If science is a strictly secular endeavor without any need for a biblical worldview, then why were most fields of science developed by Bible-believing Christians? For example, consider Isaac Newton, Gregor Mendel, Louis Pasteur, Johann Kepler, Galileo Galilei, Robert Boyle, Blaise Pascal, Michael Faraday, James Joule, Joseph Lister, and James Clerk Maxwell. Were these “greats” of science not doing science? Francis Bacon developed the scientific method, and he was a young-earth creationist and devout Christian.

Even in modern times, the inventor of the MRI scanning machine, Dr. Raymond Damadian, is a Christian working with Christian principles. The founder of catastrophic plate tectonics, Dr. John Baumgardner,is also a devout Christian. And those who recently founded the scientific field of baraminology are also Christians. Also, I (Bodie Hodge) developed a new method for production of submicron titanium diboride for the materials science and ceramics industry. Professor Stuart Burgess developed a new mechanism for the two-billion-dollar European (ESA) satellite Envisat. Dr. John Sanford developed the gene gun. And let’s not forget Werner Von Braun, the young-earth Christian who was the founder of rocket science and led the U.S. to the moon. These are but a few examples of people who held to a biblical worldview and were quite capable as scientists and inventors of new technologies.

The Foundation for Science Is Biblical Christianity

Furthermore, science comes out of a Christian worldview. Only the God described in the Bible can account for a logical and orderly universe. God upholds the universe in a particular way, such that we can study it by observational and repeatable experimentation (see Genesis 8:22). Because God upholds the universe in a consistent manner, we have a valid reason to expect that we can study the world we live in and describe the laws that God uses to sustain the universe (Colossians 1:17).

In the secular view, where all matter originated by chance from nothing, there is no ultimate cause or reason for anything that happens, and explanations are constantly changing, so there is no basis for science. Though many non-Christians do science, like inventing new technologies or improving medical science, they are doing it in a manner that is inconsistent with their professed worldview. On what basis should we expect a universe that came from nothing and for no reason to act in a predictable and consistent manner? When non-Christians do real science by observable and repeatable experimentation, they are actually assuming a biblical worldview, even if they do not realize it.

It makes sense why “science” in the U.S. is losing out to other nations since our science education system now limits science in the classroom exclusively to the religion of secular humanism.

It Is Not “Science vs. Religion”

So, the debate is not “science versus religion.” It is really “religion versus religion.” Sadly, science is caught up in the middle.

The battle is between the religion of secular humanism (with its variant forms like agnosticism, atheism, and the like), which is usually called secularism or humanism for short, and Christianity. They both have religious documents (e.g., the Humanist Manifestos I, II, and III for humanists, and the Bible for Christians); both are recognized religions by the Supreme Court;2 and both receive the same 501(c)(3) tax-exempt status. Both have different views of origins.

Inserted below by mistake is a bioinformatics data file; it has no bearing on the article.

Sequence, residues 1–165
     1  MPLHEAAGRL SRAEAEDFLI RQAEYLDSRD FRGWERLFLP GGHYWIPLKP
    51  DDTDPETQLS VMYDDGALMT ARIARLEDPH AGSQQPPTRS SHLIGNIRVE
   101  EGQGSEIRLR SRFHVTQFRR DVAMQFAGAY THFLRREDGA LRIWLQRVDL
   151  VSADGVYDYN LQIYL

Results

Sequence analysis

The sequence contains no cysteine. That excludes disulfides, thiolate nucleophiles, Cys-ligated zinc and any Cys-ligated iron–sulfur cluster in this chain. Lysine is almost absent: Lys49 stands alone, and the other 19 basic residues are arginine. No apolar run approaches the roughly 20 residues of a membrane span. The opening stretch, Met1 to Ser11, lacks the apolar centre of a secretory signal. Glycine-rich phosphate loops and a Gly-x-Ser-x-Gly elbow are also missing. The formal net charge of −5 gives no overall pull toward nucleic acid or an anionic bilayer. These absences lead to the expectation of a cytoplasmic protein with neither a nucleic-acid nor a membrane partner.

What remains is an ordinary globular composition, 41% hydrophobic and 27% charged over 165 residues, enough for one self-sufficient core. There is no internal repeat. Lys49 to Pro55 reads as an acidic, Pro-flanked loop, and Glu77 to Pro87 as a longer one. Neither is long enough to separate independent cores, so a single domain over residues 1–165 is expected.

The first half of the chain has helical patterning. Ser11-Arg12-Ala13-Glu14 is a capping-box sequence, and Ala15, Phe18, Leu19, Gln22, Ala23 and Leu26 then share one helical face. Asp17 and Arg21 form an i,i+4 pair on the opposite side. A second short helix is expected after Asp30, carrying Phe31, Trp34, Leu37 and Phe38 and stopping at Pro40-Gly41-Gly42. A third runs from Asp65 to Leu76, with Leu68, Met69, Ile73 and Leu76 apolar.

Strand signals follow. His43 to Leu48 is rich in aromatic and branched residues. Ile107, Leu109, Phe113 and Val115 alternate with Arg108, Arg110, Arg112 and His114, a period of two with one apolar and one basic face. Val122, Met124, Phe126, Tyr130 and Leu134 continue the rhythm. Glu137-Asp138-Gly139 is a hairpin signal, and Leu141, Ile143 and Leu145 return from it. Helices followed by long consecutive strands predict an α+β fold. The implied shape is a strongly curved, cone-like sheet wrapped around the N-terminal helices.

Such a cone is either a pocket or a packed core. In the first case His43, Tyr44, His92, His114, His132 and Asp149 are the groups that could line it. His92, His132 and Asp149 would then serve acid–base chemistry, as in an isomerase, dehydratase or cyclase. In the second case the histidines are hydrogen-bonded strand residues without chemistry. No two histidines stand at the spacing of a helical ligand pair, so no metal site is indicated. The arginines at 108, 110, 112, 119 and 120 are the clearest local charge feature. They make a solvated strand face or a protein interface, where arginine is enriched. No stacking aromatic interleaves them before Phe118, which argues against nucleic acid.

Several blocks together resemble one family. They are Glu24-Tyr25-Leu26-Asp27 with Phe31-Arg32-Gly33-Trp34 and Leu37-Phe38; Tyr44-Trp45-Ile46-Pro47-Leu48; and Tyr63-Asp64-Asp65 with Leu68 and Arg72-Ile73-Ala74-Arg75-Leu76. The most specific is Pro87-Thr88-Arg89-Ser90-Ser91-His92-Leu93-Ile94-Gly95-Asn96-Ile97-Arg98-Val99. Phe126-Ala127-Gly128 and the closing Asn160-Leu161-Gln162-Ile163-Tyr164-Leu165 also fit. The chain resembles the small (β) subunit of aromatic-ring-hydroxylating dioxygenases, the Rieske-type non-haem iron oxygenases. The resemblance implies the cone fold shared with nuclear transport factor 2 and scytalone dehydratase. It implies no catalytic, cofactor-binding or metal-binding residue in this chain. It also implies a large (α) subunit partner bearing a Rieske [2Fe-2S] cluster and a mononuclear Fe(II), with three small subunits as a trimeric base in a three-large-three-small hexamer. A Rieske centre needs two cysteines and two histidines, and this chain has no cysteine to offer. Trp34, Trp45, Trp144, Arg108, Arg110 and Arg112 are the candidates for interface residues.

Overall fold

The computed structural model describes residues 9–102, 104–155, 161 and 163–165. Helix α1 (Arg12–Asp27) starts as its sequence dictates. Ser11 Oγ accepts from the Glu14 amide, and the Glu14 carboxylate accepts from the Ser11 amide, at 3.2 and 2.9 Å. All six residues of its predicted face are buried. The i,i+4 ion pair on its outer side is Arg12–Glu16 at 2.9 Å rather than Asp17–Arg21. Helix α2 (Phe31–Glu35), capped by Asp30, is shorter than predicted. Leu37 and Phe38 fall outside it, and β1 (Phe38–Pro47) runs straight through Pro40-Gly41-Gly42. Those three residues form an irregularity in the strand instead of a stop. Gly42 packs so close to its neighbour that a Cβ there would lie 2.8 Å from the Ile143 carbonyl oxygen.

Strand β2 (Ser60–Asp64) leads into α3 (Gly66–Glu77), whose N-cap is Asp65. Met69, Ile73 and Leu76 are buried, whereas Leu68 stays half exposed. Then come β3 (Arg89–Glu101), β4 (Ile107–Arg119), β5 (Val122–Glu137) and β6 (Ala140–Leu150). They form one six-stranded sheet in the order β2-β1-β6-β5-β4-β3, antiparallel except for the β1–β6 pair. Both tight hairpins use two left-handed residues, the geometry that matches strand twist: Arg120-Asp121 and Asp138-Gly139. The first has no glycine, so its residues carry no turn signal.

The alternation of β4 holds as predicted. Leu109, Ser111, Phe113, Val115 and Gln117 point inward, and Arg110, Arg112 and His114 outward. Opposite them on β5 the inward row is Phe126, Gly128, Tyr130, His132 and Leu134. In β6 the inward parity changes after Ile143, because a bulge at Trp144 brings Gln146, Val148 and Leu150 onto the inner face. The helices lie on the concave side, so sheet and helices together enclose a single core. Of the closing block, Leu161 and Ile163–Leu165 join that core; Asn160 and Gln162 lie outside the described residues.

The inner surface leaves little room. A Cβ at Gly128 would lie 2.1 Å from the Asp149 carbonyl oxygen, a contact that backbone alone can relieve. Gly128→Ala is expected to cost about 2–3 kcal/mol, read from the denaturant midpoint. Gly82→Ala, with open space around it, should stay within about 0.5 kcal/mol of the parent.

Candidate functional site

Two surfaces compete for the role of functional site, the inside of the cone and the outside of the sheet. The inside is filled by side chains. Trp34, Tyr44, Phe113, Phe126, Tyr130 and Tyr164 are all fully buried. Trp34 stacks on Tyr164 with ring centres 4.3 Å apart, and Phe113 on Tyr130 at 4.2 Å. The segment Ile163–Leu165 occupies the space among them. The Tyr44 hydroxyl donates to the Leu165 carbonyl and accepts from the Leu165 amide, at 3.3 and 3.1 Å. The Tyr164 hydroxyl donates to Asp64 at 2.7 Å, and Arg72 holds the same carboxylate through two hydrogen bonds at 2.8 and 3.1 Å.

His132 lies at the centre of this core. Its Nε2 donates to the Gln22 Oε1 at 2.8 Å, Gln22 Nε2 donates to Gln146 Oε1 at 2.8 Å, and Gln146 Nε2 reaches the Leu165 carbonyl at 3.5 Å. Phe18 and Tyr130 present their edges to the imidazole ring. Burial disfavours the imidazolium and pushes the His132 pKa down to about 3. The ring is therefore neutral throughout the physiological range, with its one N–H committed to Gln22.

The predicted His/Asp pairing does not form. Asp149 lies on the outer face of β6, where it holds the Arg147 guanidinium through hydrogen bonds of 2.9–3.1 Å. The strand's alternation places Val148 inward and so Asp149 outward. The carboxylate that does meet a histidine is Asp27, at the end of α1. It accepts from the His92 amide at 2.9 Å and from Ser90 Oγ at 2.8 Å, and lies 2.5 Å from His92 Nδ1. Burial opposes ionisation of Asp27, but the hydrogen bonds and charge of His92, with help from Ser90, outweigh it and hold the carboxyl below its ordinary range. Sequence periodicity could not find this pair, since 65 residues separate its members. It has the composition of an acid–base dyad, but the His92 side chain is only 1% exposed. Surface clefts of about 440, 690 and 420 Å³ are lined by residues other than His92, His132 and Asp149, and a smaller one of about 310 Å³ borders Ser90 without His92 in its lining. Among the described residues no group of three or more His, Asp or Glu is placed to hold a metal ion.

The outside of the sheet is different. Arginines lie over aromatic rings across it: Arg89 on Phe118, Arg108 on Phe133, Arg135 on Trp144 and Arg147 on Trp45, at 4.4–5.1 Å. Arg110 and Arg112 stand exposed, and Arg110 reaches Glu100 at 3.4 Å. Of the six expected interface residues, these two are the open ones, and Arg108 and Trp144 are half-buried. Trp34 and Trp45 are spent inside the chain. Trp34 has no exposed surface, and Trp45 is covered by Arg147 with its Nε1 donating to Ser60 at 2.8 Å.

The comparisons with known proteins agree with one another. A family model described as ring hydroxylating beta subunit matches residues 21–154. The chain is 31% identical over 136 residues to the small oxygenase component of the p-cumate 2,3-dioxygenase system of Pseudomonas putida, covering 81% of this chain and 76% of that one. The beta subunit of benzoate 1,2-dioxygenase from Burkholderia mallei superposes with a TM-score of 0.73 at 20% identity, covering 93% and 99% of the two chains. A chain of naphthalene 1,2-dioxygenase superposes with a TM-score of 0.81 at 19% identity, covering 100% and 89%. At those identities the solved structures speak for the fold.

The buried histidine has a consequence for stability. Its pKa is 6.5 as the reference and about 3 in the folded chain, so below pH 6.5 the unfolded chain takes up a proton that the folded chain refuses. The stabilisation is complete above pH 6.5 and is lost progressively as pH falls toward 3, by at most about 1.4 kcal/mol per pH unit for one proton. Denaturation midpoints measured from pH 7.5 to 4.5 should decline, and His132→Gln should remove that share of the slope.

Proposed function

Humanism has astronomical evolution (big bang), geological evolution (millions of years of slow gradual changes), chemical evolution (life came from non-life) and biological evolution (original, single-celled life evolved into all life forms we have today over billions of years) in its view of origins. In other words, evolution (as a whole) is a subset of the dogma of the religion of humanism in the same way as biblical creation (as a whole, with six-day Creation, the Fall, global Flood, and the Tower of Babel) is a subset of the dogma of Christianity. It is a battle over two different religions.

In recent times the state and federal governments kicked Christianity out of the classroom, thinking they kicked religion out; but instead, they just replaced Christianity with a godless religion of humanism. This was done as a designed attack by humanists. Consider this quote in the magazine The Humanist that outlines the plan they had already been striving toward in the early 1980s:

I am convinced that the battle for humankind’s future must be waged and won in the public school classroom by teachers who correctly perceive their role as the proselytizers of a new faith: a religion of humanity that recognizes and respects the spark of what theologians call divinity in every human being. These teachers must embody the same selfless dedication as the most rabid fundamentalist preachers, for they will be ministers of another sort, utilizing a classroom instead of a pulpit to convey humanist values in whatever subject they teach, regardless of the educational level—preschool day care or large state university. The classroom must and will become an arena of conflict between the old and the new—the rotting corpse of Christianity, together with all its adjacent evils and misery, and the new faith of humanism.3

An Evolutionary Worldview Equals Science?

There is a misconception that this evolutionary subset of humanism is science. Science means knowledge and scientific methodology that is based on the scientific method (observable and repeatable experimentation). However, evolution (whether chemical, biological, astronomical, or geological) is far from scientific. Consider the following facts:

  1. No one has been able to observe or repeat the making of life from non-life (matter giving rise to life or chemical evolution).
  2. No one has been able to observe or repeat the changing of a single-celled life-form like an amoeba into a cow or goat over billions of years (biological evolution).
  3. No one has been able to observe or repeat the big bang (astronomical evolution).
  4. No one has observed millions of years of time progressing in geological layers (geological evolution).